Ghilarducci said 105,000 people have been evacuated from the two southern California fires, and 52,000 have been evacuated in northern California around Camp Fire.
State officials said that unfavorable weather conditions helped fuel the rapid growth of fires up and down the state, a combination of tinder-dry vegetation that hasn’t seen rain in months, low humidity and powerful, dry offshore winds have quickly whipped the flames into infernos.
And while winds may slack into the weekend, the pattern is expected to continue into next week, they warned.
“We have red-flag conditions, critical fire weather across all of California,” Cal Fire Director Ken Pimlott said at the news conference. “We are basically looking at a very significant, dangerous weather pattern through this next week.”
Pimlott said more than 6,000 firefighters are deployed across the state to tamp down the flames, as well as every available aircraft. There are 1,860 “mutual aid” firefighters responding from local fire departments to the fires throughout the state, with 500 fire engines and hundreds of law enforcement officers.
The California Highway Patrol has assigned 125 state troopers to assist with evacuations and traffic control, CHP Commissioner Warren Stanley said. And the California National Guard has deployed 185 personnel primarily to the Camp Fire area to help with aircraft, satellite imagery and evacuation assistance, said Adjutant Gen. David Baldwin.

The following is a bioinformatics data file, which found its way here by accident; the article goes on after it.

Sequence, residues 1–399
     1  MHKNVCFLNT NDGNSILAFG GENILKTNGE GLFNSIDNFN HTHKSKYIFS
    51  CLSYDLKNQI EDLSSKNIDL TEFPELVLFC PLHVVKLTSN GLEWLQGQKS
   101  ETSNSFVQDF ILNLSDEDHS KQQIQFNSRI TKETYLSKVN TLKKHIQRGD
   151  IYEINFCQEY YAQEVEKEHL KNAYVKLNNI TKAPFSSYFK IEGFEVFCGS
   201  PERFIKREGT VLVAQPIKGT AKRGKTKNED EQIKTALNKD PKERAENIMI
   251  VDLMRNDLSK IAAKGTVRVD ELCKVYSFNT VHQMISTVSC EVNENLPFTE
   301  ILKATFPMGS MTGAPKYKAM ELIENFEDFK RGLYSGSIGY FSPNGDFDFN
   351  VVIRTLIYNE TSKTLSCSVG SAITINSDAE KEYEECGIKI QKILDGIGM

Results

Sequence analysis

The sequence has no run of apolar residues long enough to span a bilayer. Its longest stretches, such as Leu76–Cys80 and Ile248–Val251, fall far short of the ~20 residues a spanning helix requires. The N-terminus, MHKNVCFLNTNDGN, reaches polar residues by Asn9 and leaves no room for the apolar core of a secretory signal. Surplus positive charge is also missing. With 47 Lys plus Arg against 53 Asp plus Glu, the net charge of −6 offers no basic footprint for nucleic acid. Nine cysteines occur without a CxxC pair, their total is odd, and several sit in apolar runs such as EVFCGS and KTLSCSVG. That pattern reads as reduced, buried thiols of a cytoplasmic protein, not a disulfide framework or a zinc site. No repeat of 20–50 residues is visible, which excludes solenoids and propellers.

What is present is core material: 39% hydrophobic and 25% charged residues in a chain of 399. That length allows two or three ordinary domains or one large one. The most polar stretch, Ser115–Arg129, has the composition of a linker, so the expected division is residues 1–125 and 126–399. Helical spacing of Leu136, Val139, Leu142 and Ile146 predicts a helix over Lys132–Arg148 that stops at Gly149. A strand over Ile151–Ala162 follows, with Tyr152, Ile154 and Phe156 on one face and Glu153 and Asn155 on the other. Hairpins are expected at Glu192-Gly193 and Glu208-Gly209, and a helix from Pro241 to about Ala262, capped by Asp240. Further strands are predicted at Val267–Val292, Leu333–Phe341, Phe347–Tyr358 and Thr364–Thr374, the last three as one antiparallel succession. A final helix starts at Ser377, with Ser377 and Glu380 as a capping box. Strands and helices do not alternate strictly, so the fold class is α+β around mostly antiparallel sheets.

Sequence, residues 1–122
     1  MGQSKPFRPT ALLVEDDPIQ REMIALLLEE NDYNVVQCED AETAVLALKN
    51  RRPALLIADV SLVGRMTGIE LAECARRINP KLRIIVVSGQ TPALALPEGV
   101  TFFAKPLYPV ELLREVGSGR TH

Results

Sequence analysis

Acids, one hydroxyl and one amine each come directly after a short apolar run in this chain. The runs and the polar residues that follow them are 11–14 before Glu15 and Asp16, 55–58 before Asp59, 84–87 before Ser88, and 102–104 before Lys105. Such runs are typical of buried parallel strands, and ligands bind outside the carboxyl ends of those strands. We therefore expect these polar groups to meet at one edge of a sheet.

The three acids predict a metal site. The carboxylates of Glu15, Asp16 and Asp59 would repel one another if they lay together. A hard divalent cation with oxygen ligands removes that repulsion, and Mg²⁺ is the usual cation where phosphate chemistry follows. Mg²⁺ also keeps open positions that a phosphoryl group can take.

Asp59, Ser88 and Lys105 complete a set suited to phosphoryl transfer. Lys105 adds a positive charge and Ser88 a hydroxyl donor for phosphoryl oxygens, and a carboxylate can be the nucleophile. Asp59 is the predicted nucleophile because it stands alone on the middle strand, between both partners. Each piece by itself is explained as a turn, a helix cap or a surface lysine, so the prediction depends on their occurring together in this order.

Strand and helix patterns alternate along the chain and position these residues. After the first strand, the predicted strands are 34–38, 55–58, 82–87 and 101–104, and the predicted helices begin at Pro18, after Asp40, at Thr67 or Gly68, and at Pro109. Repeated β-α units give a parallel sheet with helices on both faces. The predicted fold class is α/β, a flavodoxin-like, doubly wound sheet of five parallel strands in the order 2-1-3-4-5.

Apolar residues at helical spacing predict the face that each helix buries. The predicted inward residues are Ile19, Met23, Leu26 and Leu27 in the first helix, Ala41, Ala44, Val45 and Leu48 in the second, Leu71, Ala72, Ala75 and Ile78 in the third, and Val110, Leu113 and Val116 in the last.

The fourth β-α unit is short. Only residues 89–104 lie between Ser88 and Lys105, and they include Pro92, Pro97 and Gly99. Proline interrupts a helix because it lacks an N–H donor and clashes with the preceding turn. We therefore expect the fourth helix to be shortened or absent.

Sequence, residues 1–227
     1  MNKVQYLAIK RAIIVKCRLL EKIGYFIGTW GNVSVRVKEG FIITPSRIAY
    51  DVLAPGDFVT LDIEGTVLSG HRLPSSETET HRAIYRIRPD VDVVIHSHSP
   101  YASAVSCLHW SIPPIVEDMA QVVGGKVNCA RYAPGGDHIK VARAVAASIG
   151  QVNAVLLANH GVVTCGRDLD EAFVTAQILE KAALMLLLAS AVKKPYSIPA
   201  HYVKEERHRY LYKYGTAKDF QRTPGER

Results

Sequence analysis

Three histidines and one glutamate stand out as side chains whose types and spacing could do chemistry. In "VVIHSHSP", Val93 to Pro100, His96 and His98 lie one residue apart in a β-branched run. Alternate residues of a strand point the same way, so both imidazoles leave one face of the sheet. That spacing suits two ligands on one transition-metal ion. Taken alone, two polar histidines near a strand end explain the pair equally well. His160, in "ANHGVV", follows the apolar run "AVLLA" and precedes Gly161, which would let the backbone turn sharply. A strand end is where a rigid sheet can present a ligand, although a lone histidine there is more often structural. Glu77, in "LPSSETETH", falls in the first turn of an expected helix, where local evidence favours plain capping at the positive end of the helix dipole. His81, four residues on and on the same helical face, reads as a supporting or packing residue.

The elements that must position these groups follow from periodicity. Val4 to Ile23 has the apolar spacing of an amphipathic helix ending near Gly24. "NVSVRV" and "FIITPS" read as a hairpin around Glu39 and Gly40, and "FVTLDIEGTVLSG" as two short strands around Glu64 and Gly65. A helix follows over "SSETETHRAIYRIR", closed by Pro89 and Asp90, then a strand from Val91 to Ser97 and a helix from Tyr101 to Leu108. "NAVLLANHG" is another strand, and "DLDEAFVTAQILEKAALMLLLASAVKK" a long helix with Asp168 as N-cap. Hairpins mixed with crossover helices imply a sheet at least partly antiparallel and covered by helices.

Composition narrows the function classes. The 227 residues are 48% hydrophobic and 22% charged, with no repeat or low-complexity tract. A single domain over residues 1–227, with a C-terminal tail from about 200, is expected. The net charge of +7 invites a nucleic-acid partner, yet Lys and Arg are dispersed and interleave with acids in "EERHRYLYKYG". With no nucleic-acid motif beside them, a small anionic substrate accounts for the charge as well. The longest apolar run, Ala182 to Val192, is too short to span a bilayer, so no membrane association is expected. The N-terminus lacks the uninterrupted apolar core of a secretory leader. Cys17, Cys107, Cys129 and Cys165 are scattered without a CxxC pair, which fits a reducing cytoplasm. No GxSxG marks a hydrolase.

But the winds and smoke hinder the use and effectiveness of the aircraft, he said. State officials have requested firefighting assistance from other western states.
The dry windy weather has made firefighting extraordinarily difficult.
“When the Camp Fire started yesterday morning, it was immediately met 40 mph winds,” Pimlott said. “That fire, from the second it started, was off to the races. It was well off to burning at dangerous rates of spread. These are the kinds of conditions we’re seeing across California.”
Acting Governor and governor-elect Gavin Newsom has declared states of emergency for Butte, Ventura and Los Angeles counties, and requested federal assistance.
The sky over Chico was a deep, dark orange Friday morning, casting an eerie gloom over the college town. Dozens of names were still listed as missing on a board at the Neighborhood Church of Chico on Friday morning. Many people there were waiting for family members from out of town to arrive and help get them out, while others simply had nowhere else to go. Some exchanged hugs with family members who arrived. Others were planning to pick up supplies like phone chargers and pillows at stores. Volunteers roamed to make sure people had breakfast and coffee.
Some wondered when they would be able to get back to their homes, but they also doubted there would be homes to go back to.
State officials said local authorities did their best to get the word out quickly to residents to evacuate out of harm’s way, even going door to door as the fire spread quickly.
“The sheriff of Butte County was able to send information out, make notifications,” Ghilarducci said. “The fire moved so fast, many notifications were made by deputies and public safety personnel going house to house, combinations of different methods.”
Pimlott added that the community is no stranger to wildfires and was well-prepared when the order came to evacuate.
“These were well-practiced evacuations,” Pimlott said. “But understand how quickly that fire has been spreading.”
“We are a long ways from being out of the fire fight right now,” Pimlott said. “Our focus is on life safety, particularly around the Camp Fire in Butte County. “Right now, it’s all hands on deck.”